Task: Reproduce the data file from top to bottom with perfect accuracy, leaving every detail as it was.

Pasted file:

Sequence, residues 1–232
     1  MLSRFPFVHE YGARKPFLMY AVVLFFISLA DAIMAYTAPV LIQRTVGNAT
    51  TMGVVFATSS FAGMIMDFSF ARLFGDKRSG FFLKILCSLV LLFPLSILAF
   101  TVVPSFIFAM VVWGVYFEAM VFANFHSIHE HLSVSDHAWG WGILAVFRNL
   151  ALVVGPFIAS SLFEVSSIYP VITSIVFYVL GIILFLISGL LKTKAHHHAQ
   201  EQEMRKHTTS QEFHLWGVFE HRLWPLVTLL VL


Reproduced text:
Sequence, residues 1–232
     1  MLSRFPFVHE YGARKPFLMY AVVLFFISLA DAIMAYTAPV LIQRTVGNAT
    51  TMGVVFATSS FAGMIMDFSF ARLFGDKRSG FFLKILCSLV LLFPLSILAF
   101  TVVPSFIFAM VVWGVYFEAM VFANFHSIHE HLSVSDHAWG WGILAVFRNL
   151  ALVVGPFIAS SLFEVSSIYP VITSIVFYVL GIILFLISGL LKTKAHHHAQ
   201  EQEMRKHTTS QEFHLWGVFE HRLWPLVTLL VL